Pharmacologic roles of heparin and glucocorticoids to prevent restenosis after coronary angioplasty

56Citations
Citations of this article
13Readers
Mendeley users who have this article in their library.
Get full text

Abstract

Restenosis after successful percutaneous transluminal coronary angioplasty is the major clinical problem limiting the long-term efficacy of this treatment for coronary atherosclerosis. Recent advances in the understanding of the biology of restenosis indicate that intimal hyperplasia of smooth muscle cells is the predominant cause for restenosis. Therefore, therapeutic agents that inhibit vascular smooth muscle cell proliferation should be candidate drugs to prevent restenosis. Heparin has documented antiproliferative effects on smooth muscle cells, and the availability of low molecular weight heparins that lack anticoagulant properties makes them ideal agents. Glucocorticoids have wide effects on inflammatory and wound healing events and inhibit smooth muscle cell growth in culture and in animal models of arterial injury. Recent laboratory data suggest that combination therapy with both low molecular weight heparin and hydrocortisone may be a powerful treatment regimen to limit restenosis. © 1991.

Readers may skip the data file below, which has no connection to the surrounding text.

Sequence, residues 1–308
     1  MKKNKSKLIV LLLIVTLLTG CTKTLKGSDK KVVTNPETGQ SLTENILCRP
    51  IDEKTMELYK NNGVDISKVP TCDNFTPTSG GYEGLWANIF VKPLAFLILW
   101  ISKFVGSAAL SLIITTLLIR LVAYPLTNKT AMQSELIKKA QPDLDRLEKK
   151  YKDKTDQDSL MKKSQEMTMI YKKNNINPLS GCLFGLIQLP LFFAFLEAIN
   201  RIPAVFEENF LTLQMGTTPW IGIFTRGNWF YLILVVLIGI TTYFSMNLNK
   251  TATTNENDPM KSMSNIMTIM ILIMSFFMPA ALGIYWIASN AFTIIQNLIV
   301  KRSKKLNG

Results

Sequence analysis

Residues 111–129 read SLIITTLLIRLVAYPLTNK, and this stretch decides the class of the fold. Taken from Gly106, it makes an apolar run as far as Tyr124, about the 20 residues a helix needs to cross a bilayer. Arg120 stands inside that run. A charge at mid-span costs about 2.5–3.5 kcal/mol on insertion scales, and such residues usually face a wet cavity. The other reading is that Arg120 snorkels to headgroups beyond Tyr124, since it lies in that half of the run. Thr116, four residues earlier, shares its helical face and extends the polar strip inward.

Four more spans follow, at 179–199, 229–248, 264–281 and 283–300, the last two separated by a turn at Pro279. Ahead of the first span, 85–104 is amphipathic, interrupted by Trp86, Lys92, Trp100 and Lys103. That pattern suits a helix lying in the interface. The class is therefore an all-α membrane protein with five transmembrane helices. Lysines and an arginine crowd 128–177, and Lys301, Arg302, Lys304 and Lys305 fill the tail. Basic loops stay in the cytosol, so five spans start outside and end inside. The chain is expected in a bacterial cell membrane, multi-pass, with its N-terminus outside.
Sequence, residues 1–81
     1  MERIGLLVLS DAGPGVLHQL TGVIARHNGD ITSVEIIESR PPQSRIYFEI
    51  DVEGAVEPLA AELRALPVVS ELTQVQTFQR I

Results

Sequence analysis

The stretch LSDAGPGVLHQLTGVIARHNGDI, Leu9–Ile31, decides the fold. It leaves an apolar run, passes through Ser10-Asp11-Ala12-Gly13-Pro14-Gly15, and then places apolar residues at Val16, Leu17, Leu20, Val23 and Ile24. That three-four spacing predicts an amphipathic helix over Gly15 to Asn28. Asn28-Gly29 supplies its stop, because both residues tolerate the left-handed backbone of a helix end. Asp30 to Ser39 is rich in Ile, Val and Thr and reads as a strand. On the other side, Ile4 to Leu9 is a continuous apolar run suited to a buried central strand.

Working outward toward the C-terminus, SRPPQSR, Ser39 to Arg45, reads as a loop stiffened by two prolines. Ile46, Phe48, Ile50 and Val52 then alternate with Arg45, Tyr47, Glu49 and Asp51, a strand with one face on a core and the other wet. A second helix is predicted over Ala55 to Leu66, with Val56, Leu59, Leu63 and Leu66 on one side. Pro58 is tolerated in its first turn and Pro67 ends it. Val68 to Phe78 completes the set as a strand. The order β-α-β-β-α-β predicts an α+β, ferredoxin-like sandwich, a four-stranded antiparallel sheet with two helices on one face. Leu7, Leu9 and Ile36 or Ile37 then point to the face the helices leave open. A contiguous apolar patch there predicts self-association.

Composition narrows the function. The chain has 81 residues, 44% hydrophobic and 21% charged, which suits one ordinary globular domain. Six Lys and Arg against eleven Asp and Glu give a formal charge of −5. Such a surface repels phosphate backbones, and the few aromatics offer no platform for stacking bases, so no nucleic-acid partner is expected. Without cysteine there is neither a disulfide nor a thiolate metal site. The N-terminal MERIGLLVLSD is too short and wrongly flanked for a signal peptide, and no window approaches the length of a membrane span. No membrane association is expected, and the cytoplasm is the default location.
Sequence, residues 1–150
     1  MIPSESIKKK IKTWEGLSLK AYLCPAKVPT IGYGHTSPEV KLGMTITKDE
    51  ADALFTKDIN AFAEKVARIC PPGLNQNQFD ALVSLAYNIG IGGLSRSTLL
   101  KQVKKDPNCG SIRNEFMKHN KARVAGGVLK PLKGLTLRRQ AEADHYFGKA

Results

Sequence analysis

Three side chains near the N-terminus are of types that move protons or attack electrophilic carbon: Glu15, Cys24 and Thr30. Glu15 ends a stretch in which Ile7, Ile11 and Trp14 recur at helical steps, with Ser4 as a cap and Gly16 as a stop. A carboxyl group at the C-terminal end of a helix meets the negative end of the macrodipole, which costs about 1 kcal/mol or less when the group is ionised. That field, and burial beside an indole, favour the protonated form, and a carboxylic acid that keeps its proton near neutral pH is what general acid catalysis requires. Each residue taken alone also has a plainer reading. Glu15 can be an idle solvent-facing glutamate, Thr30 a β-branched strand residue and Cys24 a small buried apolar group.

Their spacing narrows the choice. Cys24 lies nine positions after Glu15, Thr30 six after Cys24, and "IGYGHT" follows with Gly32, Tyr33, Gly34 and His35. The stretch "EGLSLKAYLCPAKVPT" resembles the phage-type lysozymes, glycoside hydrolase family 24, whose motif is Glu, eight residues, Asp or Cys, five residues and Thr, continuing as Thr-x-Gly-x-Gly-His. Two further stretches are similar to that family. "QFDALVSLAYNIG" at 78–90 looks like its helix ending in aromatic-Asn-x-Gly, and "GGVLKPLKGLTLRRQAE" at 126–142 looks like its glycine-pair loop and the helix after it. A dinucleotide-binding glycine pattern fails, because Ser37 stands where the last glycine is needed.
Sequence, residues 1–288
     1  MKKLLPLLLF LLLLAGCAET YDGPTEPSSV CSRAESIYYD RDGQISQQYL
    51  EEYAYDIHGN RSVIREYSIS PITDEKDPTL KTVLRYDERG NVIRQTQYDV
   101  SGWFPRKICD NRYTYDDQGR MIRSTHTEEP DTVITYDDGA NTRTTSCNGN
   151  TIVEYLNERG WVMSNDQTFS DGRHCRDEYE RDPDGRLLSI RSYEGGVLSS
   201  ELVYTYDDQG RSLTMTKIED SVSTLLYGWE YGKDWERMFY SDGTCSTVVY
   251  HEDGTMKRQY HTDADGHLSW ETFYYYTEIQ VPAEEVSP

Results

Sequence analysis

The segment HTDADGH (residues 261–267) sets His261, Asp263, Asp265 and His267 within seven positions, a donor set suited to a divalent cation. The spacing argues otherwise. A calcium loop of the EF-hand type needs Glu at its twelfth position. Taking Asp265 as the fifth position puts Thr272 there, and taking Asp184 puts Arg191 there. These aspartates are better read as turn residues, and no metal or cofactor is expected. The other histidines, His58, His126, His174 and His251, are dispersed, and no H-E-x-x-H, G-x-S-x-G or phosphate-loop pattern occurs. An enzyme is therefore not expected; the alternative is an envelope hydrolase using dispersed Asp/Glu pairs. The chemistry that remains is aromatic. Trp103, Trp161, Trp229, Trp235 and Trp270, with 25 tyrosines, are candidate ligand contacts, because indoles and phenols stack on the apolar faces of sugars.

Cite

CITATION STYLE

APA

Berk, B. C., Gordon, J. B., & Alexander, R. W. (1991). Pharmacologic roles of heparin and glucocorticoids to prevent restenosis after coronary angioplasty. Journal of the American College of Cardiology, 17(6 SUPPL. 2), 111–117. https://doi.org/10.1016/0735-1097(91)90946-7

Register to see more suggestions

Mendeley helps you to discover research relevant for your work.

Already have an account?

Save time finding and organizing research with Mendeley

Sign up for free